Nikita Bastian is a sub-editor at ESPNcricinfo
We were lifted
Sharda Ugra: A hastily tacked-on series following a tantrum over the tour to South Africa; an opposition that offered no sightings of a contest; a build-up that cashed in on every ancillary arm of the Tendulkar industry; shiny celebrities and gleaming politicians in the best of seats. Yet, at the end of it all we could, like the song says, be lifted. By Tendulkar's batting and by his words of farewell. The strokes belonged to mind-body-memory, the words came from a generosity of spirit, with the acknowledgement of the many shoulders that had helped him rise above the giants of the game. Through deed and word, Tendulkar spread his arms wide open and drew the world into his embrace. The last quiet, solitary gesture of benediction in the middle, hands to pitch, then palms to heart. This, the centre of his universe. Through it, he a central part of ours. The guff had vanished and we were lifted.
Sharda Ugra is a senior editor at ESPNcricinfo
Now I'm all grown up
Nishi Narayanan: I was never a Sachin fan, never an India fan - not in the way you're supposed to be. And the farewell mania over the last month, cringe-inducing rather than sentimental, made me feel angry with everything in Indian cricket. But when Ravi Shastri yielded the stage to Tendulkar, I watched. He spoke simply, as if at a small family get-together. The few jokes, going by the crowd's reaction, fell flat, but then humour can rarely get in the way of sincerity. As he thanked everyone in his life, I was surprised by the incredible sadness I felt. But I shouldn't be surprised. Whether I like it or not, as a cricket fan, I am a product of the Tendulkar era. Now he's gone and I'm all grown up.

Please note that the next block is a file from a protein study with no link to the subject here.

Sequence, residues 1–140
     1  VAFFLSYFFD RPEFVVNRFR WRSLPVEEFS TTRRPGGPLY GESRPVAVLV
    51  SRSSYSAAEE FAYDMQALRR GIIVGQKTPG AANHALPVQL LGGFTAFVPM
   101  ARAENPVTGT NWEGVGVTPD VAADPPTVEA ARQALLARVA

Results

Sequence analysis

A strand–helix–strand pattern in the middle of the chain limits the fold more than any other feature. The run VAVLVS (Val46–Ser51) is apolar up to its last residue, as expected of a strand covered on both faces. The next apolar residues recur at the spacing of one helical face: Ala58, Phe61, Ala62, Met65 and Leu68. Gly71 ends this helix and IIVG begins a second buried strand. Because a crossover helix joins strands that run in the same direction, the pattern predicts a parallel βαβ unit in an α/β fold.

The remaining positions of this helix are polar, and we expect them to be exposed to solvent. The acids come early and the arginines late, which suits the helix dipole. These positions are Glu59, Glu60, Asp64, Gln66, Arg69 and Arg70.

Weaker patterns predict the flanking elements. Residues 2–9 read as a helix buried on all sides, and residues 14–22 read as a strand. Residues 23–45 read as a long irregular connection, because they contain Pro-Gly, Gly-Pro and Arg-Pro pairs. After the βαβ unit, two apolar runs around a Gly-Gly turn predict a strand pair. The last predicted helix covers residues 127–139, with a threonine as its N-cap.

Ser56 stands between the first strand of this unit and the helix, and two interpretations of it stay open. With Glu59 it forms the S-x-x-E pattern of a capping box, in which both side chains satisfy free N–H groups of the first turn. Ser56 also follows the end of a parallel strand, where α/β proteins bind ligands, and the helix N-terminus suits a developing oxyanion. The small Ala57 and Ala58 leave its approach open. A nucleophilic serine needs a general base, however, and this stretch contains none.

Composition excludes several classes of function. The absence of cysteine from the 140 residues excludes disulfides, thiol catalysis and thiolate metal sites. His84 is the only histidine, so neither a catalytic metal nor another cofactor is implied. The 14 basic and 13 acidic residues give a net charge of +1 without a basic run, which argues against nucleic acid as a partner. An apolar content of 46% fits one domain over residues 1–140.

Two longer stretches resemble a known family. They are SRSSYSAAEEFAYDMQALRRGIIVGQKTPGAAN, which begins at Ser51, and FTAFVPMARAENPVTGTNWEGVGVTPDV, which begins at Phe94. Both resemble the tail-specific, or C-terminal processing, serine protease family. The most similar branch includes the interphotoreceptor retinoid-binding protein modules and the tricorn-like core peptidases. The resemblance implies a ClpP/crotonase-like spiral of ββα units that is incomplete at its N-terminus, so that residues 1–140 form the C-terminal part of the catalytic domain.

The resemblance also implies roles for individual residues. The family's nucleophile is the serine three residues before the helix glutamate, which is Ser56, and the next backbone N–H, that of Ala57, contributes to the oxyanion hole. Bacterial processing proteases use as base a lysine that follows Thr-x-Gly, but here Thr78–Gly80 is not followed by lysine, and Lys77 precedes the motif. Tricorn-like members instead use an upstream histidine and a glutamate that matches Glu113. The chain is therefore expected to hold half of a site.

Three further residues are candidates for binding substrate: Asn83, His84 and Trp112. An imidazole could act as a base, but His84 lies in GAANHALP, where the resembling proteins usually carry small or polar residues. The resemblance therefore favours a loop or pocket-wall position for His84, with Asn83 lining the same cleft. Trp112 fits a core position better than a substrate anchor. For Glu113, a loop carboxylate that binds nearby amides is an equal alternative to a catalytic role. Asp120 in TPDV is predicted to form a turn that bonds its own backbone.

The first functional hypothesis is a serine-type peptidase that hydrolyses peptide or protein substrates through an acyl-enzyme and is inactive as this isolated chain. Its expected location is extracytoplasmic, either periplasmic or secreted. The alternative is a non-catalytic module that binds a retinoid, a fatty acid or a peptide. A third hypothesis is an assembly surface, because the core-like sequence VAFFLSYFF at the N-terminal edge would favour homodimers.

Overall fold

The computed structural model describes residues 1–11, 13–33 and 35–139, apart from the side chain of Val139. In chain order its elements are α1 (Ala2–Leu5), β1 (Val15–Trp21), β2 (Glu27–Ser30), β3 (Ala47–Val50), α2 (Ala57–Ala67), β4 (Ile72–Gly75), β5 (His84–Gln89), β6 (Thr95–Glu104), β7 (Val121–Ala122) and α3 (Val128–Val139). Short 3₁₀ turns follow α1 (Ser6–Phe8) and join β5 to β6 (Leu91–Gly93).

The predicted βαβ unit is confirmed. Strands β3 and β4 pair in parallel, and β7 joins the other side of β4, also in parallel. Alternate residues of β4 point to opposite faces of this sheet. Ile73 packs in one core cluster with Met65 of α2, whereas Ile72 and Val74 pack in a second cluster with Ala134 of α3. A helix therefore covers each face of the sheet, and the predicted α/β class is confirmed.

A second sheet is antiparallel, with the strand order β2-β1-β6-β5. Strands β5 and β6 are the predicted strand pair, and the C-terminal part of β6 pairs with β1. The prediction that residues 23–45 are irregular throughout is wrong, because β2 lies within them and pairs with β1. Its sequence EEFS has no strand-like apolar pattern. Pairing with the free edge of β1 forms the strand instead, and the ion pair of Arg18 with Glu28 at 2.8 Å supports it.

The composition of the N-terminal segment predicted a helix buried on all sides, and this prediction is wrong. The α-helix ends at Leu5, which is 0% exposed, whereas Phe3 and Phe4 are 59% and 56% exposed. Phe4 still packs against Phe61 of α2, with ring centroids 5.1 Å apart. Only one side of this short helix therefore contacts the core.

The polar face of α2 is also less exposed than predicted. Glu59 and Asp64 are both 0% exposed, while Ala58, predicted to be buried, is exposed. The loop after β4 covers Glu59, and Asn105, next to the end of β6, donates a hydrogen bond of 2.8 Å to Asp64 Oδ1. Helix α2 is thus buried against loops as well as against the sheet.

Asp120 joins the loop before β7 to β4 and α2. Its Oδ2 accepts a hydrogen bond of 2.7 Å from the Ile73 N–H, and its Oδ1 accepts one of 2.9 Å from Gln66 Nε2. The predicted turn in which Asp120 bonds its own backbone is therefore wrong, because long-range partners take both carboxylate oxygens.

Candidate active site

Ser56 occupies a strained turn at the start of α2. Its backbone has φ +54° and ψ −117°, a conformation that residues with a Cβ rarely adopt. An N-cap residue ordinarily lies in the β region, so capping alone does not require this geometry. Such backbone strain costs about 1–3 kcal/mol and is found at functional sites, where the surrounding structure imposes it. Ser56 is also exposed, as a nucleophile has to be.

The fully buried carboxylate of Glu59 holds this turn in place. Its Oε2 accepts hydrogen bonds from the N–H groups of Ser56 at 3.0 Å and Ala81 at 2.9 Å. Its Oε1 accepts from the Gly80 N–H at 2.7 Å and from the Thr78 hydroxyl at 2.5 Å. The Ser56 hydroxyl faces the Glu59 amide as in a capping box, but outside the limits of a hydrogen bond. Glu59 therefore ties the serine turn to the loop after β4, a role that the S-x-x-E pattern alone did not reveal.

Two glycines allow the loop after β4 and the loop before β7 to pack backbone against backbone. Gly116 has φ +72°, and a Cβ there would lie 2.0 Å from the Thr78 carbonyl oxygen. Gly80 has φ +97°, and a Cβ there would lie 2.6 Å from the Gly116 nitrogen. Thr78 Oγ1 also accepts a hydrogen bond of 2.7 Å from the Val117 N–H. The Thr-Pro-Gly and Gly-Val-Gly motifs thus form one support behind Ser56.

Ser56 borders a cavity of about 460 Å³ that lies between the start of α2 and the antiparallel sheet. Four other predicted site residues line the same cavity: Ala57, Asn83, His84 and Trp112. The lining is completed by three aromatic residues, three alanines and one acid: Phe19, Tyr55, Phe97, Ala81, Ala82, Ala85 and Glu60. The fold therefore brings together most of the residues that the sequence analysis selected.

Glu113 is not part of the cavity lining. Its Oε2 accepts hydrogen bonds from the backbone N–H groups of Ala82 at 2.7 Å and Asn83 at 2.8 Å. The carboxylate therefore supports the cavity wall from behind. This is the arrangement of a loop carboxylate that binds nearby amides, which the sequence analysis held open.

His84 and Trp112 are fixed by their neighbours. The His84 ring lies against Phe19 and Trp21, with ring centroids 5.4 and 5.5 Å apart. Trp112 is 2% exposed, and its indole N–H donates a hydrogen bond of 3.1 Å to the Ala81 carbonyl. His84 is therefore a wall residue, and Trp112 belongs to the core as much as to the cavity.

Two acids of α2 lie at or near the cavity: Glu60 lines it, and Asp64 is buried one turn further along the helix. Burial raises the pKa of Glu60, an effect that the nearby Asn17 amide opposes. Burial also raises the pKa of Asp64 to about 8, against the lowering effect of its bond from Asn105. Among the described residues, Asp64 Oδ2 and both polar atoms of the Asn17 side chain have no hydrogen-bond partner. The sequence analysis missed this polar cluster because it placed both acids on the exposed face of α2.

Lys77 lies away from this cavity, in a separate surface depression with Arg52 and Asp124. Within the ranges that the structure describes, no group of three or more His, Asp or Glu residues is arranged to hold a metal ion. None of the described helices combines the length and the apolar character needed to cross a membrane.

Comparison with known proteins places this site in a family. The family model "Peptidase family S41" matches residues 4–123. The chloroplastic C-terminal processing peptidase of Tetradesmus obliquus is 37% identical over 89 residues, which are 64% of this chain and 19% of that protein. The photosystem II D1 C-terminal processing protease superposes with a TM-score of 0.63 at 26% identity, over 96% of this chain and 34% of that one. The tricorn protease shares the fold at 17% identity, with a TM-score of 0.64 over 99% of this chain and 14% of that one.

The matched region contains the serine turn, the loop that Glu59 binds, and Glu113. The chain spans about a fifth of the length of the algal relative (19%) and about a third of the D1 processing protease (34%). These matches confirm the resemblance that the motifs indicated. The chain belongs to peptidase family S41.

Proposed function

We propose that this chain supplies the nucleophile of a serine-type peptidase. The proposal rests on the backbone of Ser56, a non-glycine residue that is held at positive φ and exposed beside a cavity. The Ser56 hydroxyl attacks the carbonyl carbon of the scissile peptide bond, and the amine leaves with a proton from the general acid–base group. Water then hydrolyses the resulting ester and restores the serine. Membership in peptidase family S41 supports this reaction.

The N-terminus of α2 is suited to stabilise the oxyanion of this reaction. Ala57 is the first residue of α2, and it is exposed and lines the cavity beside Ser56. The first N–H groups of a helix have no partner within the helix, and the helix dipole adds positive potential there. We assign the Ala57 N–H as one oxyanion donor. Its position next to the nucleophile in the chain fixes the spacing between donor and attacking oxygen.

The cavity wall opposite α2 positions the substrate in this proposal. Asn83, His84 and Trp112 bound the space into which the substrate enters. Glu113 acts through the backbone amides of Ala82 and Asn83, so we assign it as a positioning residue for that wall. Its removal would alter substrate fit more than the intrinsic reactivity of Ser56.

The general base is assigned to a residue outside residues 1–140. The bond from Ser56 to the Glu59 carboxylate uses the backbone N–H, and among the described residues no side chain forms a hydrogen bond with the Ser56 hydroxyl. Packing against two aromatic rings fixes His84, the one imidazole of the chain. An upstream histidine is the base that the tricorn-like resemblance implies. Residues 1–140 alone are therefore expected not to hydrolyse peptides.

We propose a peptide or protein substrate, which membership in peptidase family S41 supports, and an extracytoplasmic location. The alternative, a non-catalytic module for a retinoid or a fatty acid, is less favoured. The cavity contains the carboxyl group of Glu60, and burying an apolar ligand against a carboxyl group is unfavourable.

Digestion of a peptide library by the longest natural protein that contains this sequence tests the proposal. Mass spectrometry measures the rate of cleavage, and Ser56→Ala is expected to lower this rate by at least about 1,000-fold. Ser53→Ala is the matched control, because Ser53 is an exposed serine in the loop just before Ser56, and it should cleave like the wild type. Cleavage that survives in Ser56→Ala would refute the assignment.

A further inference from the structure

Nishi Narayanan is a staff writer at ESPNcricinfo
Dignity and humility
Jayaditya Gupta: I'd always appreciated Tendulkar as a unifying figure in these increasingly divisive and fractious times for our country. Today he showed two other much-needed qualities in our public life - dignity and humility. He demonstrated that you can let your work speak for you without shouting about it. In a nation increasingly unsure of how to wield its growing power, in every walk of life, he has shown the way.
Jayaditya Gupta is executive editor at ESPNcricinfo
It's yet to sink in
Amol Karhadkar: Most of the things that he spoke about during his farewell speech had been either read or heard by us at some point. Still, one never felt like moving an inch away from the screen as he spoke one last time in whites at a cricket ground. He delivered a speech that was a mix of the prepared and the extempore. And as he spoke for almost 20 minutes, while the Wankhede stands cheered every bit of it, one was speechless. The heart was not willing to accept that one would never again see him in action on the field. It still hasn't sunk in. Some feelings never do. Some voids can never be filled again. Sachin Tendulkar's retirement is one such void.
Amol Karhadkar is a correspondent at ESPNcricinfo
His human side
Rohan Sharma: When Tendulkar took the microphone to address the Wankhede one last time, it all began to sink in. The noise built to a crescendo as he kept his head down, trying his level best to keep his composure in such an emotional cauldron. The adoration of the Mumbai faithful had him break his speech at certain points in order to regroup and steady himself. I had never seen him like this, and the humanness of it all endeared me further to a man whose very essence was the stuff of legend.
Rohan Sharma is a sub-editor at ESPNcricinfo